Thompson: Part of the work getting done in a ROWE is a focus not only on completion but on satisfactory completion. If an employee does not complete his or her work in an agreed-upon satisfactory manner, the manager in a ROWE focuses solely on performance, not when or where the work is being completed. A manager wouldn't say, “You didn't complete your work in our agreed-upon satisfactory manner, so now you need to stay in the office until 5 p.m. every day.”
A manager would focus on why the activity is important and, if it's not done in a satisfactory manner, how that affects the outcome.
FCW: How does ROWE handle underperformers?
Thompson: ROWE gives everyone the freedom to pass or fail; it’s completely opportunistic. When everyone is clear on how they get measured, no one can hide. When you go to college, you can study for 500 hours and put in a lot of effort. But if you take a test and don’t understand the information and fail, you can’t just go to the professor and say, “Look how many hours I put in! I still get an A, right?”
It’s funny how at work, all the talk about how many hours we put in and how hard we work and the lack of family life doesn’t matter when you look at the results because we still get the same paycheck. ROWE makes it crystal clear why you have a job and what you’re supposed to produce and how you measure it. It’s the manager’s job not to be monitoring the hallways but to be monitoring the work.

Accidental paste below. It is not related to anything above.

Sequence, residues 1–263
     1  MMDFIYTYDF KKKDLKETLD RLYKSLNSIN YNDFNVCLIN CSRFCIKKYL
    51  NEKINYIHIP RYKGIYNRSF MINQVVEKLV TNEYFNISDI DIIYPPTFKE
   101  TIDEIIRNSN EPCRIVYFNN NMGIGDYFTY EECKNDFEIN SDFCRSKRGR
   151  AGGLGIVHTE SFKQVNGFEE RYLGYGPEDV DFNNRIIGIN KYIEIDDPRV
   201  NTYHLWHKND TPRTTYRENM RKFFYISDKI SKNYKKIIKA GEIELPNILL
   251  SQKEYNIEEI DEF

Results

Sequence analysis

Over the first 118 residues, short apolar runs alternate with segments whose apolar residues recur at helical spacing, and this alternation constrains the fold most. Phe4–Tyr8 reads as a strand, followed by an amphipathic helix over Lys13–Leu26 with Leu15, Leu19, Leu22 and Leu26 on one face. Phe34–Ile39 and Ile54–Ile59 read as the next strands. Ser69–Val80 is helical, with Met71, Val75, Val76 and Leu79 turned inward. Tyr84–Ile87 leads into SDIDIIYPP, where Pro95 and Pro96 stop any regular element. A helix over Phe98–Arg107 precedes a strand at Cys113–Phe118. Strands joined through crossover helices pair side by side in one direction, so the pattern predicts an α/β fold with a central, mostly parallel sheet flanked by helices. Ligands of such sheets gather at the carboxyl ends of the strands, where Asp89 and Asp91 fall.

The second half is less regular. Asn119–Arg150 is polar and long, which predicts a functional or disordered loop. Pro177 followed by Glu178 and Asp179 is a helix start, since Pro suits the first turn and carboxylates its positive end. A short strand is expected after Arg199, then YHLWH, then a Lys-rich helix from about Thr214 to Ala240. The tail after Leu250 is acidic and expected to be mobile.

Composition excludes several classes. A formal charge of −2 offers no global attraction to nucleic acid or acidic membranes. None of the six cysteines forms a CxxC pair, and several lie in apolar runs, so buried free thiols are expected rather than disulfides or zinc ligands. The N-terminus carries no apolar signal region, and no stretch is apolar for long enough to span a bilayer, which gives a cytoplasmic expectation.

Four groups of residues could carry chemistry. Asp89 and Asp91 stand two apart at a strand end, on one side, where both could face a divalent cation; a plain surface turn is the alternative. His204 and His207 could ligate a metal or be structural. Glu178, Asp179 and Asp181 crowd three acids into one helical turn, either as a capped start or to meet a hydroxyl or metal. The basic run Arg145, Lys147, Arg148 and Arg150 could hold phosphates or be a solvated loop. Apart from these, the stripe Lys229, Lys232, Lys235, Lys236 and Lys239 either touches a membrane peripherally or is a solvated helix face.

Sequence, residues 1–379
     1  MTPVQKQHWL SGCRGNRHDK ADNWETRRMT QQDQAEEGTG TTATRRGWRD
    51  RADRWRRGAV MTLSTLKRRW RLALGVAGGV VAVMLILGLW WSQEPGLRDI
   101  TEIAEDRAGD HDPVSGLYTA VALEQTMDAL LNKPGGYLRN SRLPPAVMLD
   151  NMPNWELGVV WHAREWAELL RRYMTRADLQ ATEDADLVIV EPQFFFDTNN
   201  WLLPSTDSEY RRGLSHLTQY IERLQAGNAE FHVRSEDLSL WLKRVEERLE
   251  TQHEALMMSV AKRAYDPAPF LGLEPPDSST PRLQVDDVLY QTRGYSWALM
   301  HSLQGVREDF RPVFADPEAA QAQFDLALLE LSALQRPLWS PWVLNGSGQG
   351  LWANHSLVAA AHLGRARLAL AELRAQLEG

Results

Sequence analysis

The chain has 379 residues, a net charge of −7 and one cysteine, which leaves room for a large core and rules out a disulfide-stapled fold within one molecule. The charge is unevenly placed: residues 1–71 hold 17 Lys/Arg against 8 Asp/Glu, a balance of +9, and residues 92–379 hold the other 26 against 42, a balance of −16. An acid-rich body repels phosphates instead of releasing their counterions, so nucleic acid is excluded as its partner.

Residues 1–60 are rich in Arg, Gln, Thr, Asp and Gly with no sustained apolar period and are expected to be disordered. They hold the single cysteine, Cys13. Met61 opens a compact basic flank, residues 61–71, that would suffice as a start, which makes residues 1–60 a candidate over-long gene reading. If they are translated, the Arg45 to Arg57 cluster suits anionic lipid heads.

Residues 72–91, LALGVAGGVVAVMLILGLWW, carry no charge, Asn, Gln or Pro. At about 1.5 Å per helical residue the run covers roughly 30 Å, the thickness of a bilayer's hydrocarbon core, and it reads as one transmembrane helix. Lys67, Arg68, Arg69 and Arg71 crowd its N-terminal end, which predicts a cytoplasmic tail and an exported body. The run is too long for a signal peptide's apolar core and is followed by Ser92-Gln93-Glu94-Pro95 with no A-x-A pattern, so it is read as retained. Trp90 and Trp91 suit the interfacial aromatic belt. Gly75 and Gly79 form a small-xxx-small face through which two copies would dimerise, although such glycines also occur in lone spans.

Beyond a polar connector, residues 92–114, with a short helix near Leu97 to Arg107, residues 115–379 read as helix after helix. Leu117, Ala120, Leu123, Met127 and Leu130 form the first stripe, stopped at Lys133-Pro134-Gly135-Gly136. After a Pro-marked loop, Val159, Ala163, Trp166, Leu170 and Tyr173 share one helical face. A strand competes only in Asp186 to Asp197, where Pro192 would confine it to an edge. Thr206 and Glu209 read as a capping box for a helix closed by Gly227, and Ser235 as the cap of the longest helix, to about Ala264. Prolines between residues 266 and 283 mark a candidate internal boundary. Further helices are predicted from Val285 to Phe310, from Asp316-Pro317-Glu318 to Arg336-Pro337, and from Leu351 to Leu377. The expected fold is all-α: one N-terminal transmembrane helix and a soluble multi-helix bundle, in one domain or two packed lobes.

FCW: With ROWE comes a huge culture change. How do organizations meet that challenge?
Thompson: One of the key things we help organizations with is the removal of sludge — or toxic language. For example, “It’s 10:00 and you’re just getting in? I wish I could come in late every day.” Or “Another long lunch?”
Those kinds of comments make people feel resentful and guilty, so we work on environmental sludge-eradication strategies. We get every single person involved in removing the toxic language and replace it with results-focused, respectful language. If someone asks you, “Are you leaving early?” instead of making up an excuse that you’re not going to be there until 5 p.m., your answer could be, “Yes, is there anything you need?”
When you get that sludge out of the system, people don’t resent each other anymore.
FCW: How could ROWE improve the federal workplace?
Thompson: This kind of autonomous environment is exactly the way the next generation can work so they would choose to work for the federal government. But this generation won’t sit in meetings all day because they wouldn’t waste time like that. Now, if you take that generation and bring them into a 1950s workplace and say, “Here’s where you have to sit all day, from 8 a.m. to 5 p.m., and by the way, you can’t go on Facebook and you can’t text your friends or anything like that,” they’re not going to do it. Or they’ll do it for a while and then change jobs.
What people are saying about this generation is that they don’t have a work ethic. Not true; they work just as hard and are just as motivated, but they’re not going to work the way we did. 1950 was a long time ago. Everything is changing in the world, and the workplace is staying stuck. And then we wonder why we can’t attract talent.